Portugal: Small, local businesses first

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Image caption A Lisbon cafe back in business - with personal protection

Portugal has had fewer coronavirus cases and deaths than some other south European nations.

The government announced a three-phase plan, reopening different sectors of the economy every 15 days.

  • Small neighbourhood shops, hairdressers, car dealerships and bookshops started opening from 4 May
  • Bigger shops, restaurants, museums and coffee shops reopened from 18 May, but at reduced capacity
  • Infants and some secondary school students also went back on 18 May, but all other school classes will continue remotely
  • Shopping centres, cinemas and theatres to open in June, when office workers might also gradually return

Greece: Tourism central to reopening plan

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Image caption Schools in Greece reopened on 11 May

Greece recorded its first Covid-19 case on 26 February and the government acted swiftly to impose a lockdown. On 28 April, Prime Minister Kyriakos Mitsotakis announced a relaxation of lockdown measures in the weeks ahead.

  • Churches opened for individual prayer on 4 May and religious services were allowed from 17 May
  • Schools reopened on 11 May for final-year students only, with special measures including students attending classes on different days
  • Shops are now all able to reopen and indoor shopping centres can do so on 1 June
  • Cafes and restaurants reopened on 25 May, but with social distancing
  • Beaches reopened on 4 May and Greece has declared that the tourist season will start on 15 June, with the opening of seasonal hotels on the same day
  • Travel to the islands resumed on 25 May for mainland Greeks, but not for foreign tourists; from 1 July Greece is set to lift the two-week quarantine rule for foreigners
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Russia: Starting to go back to work

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Image caption Moscow is keeping restrictions in place until at least the end of May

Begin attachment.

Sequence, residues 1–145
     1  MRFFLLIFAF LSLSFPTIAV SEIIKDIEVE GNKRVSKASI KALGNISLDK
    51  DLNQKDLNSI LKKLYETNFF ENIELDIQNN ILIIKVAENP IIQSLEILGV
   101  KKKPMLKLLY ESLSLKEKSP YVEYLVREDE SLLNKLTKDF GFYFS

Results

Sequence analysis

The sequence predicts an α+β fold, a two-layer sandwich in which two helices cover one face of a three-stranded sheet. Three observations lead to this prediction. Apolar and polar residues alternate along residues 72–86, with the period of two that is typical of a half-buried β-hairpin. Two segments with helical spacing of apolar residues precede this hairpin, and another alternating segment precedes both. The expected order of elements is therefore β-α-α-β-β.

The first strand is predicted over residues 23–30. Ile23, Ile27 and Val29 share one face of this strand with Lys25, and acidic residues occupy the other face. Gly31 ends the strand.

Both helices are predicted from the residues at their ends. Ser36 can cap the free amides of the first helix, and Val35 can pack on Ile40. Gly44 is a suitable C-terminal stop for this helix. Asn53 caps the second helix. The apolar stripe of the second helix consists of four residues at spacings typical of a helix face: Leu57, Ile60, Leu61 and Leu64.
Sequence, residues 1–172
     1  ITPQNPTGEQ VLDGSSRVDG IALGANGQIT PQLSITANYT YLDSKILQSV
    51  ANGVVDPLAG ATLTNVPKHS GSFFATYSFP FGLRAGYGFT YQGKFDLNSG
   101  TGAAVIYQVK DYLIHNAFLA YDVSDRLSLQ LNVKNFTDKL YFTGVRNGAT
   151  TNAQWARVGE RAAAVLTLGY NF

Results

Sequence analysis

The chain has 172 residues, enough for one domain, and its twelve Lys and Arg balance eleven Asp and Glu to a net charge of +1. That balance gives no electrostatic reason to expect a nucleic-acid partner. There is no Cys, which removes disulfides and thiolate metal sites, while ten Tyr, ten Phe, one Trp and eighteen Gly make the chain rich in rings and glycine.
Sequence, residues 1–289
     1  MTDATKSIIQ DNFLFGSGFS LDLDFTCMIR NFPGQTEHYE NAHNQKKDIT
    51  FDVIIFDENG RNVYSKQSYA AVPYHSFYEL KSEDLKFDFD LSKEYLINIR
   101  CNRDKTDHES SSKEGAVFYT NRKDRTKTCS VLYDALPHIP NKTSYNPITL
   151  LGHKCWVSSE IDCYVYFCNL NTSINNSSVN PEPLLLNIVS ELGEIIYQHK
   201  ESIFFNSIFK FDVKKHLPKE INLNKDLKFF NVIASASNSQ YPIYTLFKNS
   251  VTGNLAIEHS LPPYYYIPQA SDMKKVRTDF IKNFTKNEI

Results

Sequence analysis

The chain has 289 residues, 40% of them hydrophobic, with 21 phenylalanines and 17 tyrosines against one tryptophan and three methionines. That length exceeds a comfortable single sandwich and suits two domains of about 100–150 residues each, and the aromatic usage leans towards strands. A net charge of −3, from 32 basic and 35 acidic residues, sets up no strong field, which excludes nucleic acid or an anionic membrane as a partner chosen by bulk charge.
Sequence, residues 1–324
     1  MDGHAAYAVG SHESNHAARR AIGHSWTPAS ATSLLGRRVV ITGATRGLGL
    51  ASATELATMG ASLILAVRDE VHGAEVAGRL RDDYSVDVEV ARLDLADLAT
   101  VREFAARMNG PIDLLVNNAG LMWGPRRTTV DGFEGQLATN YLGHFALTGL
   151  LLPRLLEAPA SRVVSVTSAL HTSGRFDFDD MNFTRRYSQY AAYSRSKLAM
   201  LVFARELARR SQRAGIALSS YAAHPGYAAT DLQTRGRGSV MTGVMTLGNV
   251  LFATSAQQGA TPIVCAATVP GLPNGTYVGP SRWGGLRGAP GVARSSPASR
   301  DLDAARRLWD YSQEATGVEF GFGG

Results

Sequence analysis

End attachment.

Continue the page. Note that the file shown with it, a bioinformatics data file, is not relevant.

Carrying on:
President Vladimir Putin announced that Russia's nationwide lockdown was being eased from 12 May, and that businesses could go back to work to stop unemployment rising further. He also said it was up to individual regions to decide the best policy. But Russia's daily infection rate remains high, compared with the rest of Europe.

  • Construction and industry were the first sectors to resume work, under President Putin's plan
  • But large public events are still be banned
  • Moscow, as the worst-hit city, is keeping tough restrictions until 1 June, when regular walks are allowed and parks and non-essential businesses reopen
  • It is compulsory to wear gloves and masks in shops and on public transport in Moscow
  • Schools are shut and many people are working from home

Poland: Parks and forests first to reopen

In Poland, Covid-19 numbers are lower than in many Western European countries. Most of the recent infections have been amongst the country's coal miners in the southern Silesia region. Poland began lifting restrictions on 20 April, when parks and forests were allowed to reopen.

  • Hotels, shops, shopping centres, museums and galleries reopened on 4 May, with one customer per 15 sq m of space allowed
  • Face coverings in public will remain obligatory until a vaccine is available
  • Restaurants, cafes, hairdressers and beauty salons reopened from 18 May
  • Primary schools reopened on 25 May, but only for the youngest children, and final-year university students were also allowed back to class
  • The Ekstraklasa football championship returned on 29 May, with fans allowed back from 19 June, and maximum attendance in stadiums set at 25%

Sweden: Strict measures never imposed

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There was no compulsory lockdown in Sweden, unlike the measures seen elsewhere in Europe. But in line with government advice, most people took to voluntary social distancing and working from home.

  • Restaurants, bars, schools and businesses remained opened. But it did ban gatherings of more than 50 people
  • Sweden has recorded over 4,000 deaths, the highest per capita number in the Nordic region
  • When Denmark and Norway agreed to reopen their borders to each other, from 15 June, Sweden was left out because of its high rate of infection